Chronic Care Management is the New Approach to Improving Chronic Patient Care
Whether or not medical practices have heard about it, the federal government is moving ahead with changing the way it provides reimbursement for care of patients with chronic conditions. In 2015, The Centers for Medicare & Medicaid Services, or CMS, recognized Chronic Care Management – CCM – as a critical component of primary care. The Centers believe that an integrated approach to chronic care will contribute to better health – especially among the elder population.
The Centers subsequently took steps to adjust the Medicare Physician Fee Schedule (PFS) to encourage medical practices to provide more management services to Medicare patients with multiple chronic conditions. In addition to the in-office patient care and visits, Chronic Care Management covers non-face-to-face services which practices use to provide supplemental educational information, follow-up on health-related activities, and actively engage patients in pursuing improved health goals.
The foundational evidence for this change to quality of care was laid out in several research papers. In 2010, Gerard Anderson, Ph.D., Director of the Center for Hospital Finance and Management at Johns Hopkins Bloomberg School of Public Health, prepared an updated report of several earlier research papers for the Robert Wood Johnson Foundation®. Entitled, “Chronic Care: Making the Case for Ongoing Care,” Dr. Anderson unveiled the startling fact that “one in four Americans has multiple chronic conditions. That number rises to an astonishing three in four of Americans aged 65 and older.”
Because 75-85 percent of the nation’s health care dollars are spent on people with chronic conditions, the National Center for Chronic Disease Prevention and Health Promotion sited chronic disease as the public health challenge of the 21st century.
CMS is implementing a “Connected Care” campaign to raise awareness of the benefits of CCM for patients with multiple chronic conditions and provide health care professionals with resources to improve overall population health. Heavy on preventative patient care and better patient care, the guidelines can also lead to financial growth for the practice when implemented and rigorously followed.
What is Chronic Care Management?
Chronic Care Management, or CCM, is the coordination of care services which are furnished outside of regular office visits. The target population is patients with two or more chronic conditions which are expected to last twelve months or longer, or until the patient’s death. These conditions often place the patient at significant risk of death or functional decline, increase the likelihood of multiple hospitalizations, and involve a high level of medical care and follow-up. Certain behaviors on the patient’s part, however, may lead to an enhanced quality of life or a delayed reduction in decline.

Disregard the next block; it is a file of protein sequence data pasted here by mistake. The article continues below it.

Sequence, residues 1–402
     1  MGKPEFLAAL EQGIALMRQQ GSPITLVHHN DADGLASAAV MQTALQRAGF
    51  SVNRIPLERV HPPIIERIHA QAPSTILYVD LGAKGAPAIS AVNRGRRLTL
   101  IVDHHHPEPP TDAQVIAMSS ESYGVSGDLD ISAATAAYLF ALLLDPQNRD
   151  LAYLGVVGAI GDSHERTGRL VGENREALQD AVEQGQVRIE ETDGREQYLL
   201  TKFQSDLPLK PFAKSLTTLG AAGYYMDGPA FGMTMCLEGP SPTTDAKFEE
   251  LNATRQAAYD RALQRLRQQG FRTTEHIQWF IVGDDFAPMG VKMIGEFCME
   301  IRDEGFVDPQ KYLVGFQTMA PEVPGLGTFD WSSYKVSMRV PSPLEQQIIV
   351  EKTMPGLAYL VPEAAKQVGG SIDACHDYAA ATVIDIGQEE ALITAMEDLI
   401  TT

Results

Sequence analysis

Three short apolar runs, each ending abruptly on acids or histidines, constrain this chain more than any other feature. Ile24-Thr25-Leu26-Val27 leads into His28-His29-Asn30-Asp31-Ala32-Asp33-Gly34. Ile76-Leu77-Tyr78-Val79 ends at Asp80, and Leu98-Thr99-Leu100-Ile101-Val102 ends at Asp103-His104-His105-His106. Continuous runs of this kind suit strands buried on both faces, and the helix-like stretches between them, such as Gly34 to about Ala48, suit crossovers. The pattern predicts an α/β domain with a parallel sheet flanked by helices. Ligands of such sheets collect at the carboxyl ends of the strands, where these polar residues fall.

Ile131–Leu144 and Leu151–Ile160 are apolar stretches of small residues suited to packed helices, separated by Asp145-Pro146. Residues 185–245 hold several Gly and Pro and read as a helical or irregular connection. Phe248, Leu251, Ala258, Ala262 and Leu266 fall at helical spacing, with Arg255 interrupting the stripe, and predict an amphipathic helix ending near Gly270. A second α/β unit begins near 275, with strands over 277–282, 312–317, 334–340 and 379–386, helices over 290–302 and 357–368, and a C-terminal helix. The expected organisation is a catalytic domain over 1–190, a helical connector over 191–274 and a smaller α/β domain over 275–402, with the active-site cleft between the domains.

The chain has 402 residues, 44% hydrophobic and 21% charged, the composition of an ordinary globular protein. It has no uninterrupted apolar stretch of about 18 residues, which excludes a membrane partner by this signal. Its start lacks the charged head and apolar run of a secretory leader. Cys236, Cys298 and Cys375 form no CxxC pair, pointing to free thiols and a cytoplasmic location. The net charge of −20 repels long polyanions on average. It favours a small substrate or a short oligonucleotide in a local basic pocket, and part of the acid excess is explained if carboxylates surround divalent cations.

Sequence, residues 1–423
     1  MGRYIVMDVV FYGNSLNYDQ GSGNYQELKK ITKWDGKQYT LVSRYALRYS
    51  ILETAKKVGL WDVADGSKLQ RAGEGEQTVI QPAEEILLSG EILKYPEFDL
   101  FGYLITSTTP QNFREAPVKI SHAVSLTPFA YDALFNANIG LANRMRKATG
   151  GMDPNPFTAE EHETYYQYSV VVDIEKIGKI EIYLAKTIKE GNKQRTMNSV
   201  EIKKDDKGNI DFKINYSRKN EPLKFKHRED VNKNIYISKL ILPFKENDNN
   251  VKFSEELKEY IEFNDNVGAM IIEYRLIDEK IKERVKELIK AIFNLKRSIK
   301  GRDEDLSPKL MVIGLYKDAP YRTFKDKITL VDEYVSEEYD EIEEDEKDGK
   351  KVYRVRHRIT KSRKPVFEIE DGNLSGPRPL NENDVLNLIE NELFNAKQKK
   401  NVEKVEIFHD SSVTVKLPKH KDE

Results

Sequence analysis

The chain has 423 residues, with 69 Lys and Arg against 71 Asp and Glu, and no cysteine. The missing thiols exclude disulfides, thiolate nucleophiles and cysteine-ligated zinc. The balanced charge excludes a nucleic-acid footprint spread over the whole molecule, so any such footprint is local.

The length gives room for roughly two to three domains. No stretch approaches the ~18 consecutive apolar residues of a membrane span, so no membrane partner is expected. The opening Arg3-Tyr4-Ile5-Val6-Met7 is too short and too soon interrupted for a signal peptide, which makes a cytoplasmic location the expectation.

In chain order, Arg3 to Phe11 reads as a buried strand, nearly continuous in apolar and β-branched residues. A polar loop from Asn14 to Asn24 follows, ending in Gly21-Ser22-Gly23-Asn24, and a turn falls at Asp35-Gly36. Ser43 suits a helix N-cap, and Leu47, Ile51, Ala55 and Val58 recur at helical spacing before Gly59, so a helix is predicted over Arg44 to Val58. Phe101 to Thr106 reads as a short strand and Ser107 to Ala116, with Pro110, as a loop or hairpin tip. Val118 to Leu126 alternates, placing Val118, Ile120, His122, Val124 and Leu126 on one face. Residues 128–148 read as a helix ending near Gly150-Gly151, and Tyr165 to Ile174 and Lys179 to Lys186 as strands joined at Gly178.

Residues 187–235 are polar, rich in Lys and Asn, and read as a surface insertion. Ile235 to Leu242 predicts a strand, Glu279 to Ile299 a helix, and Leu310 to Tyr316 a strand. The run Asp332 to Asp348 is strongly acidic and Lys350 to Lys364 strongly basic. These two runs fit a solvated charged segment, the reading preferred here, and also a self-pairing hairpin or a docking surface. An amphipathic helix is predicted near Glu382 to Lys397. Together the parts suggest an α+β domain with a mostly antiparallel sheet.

Some examples of chronic conditions which fall under the CCM guidelines would include:
- Atrial Fibrillation
- Cardiovascular Disease
- COPD – Chronic Obstructive
- Infectious Diseases
- Stroke/Neurological Condition
These conditions and other chronic diseases have been shown to be the leading causes of death and disability in America. Since they are a leading driver of health care costs, it is also hoped that taking direct aim at patients in the Medicare population will provide clues to improve overall population.
Chronic conditions generally require a high level of in-office care and follow-up, but there are certainly many steps which can be taken to increase preventative patient care and more fully involve patients in their own care regimens. Keeping appointments, monitoring glucose levels, having regular blood tests, following medication guidelines and increasing patient education can all lead to an improved doctor-patient relationship without having to increase the actual number of patient visits. In addition to the patient health benefits, eligible practitioners will be able to bill for at least 20 minutes or more of care coordination services per month.
Practice Activities for Chronic Care Management
A medical practice which is about to engage in a CCM approach will want to look toward incorporating several types of activities that can count towards their minimum monthly service time, such as:
Patient Communication Procedures
Outside of, and in support of, the in-person visits, members of the practice staff can establish a regular communication routine with chronic care patients by telephone or through a secure online communication portal. These communications would serve the purpose of checking on patient health status, providing test reminders, reviewing medical records, and providing self-care education. This information would be added to the patient’s health history and shared with other health care professionals as needed.
Electronic Health Records
This eliminates the need to maintain stacks of paperwork for each patient, and makes it easier to directly access and share relevant health information.
Sharing Patient Information